DEFINITION of 'Implementation Lag'
The time lag between when a macroeconomic shock or other adverse condition is recognized by central banks and the government, and when a corrective action is put into place. The response lag may be short or long, depending on whether policy makers have a definite course of action or must deliberate on the right action to take. Also, proper implementation of the corrective action may have to happen incrementally, rather than all at one time.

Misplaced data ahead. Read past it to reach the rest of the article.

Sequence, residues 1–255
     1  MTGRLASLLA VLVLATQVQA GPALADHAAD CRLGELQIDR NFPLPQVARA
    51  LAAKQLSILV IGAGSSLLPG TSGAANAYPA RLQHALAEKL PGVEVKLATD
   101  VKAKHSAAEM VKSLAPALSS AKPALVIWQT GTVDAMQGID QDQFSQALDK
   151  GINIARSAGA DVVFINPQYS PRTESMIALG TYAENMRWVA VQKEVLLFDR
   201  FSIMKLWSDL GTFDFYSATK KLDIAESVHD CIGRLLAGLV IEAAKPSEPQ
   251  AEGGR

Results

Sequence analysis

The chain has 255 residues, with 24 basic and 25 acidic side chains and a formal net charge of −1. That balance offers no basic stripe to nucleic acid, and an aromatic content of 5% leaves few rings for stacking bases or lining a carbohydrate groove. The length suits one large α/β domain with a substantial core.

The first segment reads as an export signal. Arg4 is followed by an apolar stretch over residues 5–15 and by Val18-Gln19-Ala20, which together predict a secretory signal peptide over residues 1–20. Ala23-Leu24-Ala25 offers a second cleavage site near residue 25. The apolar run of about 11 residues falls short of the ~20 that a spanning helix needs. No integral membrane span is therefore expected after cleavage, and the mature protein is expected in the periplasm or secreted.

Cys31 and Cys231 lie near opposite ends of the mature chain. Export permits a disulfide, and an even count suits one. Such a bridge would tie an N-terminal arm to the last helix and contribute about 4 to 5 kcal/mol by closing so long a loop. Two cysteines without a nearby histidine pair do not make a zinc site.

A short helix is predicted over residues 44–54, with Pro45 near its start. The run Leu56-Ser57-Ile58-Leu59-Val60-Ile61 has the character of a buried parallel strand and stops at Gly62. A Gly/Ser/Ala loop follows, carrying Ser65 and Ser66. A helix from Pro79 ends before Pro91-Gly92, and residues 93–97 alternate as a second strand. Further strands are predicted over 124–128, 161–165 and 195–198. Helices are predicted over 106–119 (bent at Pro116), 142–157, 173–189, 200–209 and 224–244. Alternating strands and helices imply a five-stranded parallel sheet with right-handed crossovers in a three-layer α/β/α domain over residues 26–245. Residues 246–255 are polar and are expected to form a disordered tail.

BREAKING DOWN 'Implementation Lag'
The implementation lag follows the recognition lag, which measures how long it takes before the adverse condition is even noticed. Because the broad economy is such a complex set of moving parts, time delays are inevitable when trying to recognize, diagnose and fix macroeconomic shocks.
While the Federal Reserve Board has a preset schedule of when to meet to discuss monetary policy changes, they can decide to step in whenever they see fit to change interest rates, buy or sell Treasuries, or otherwise assist the economy.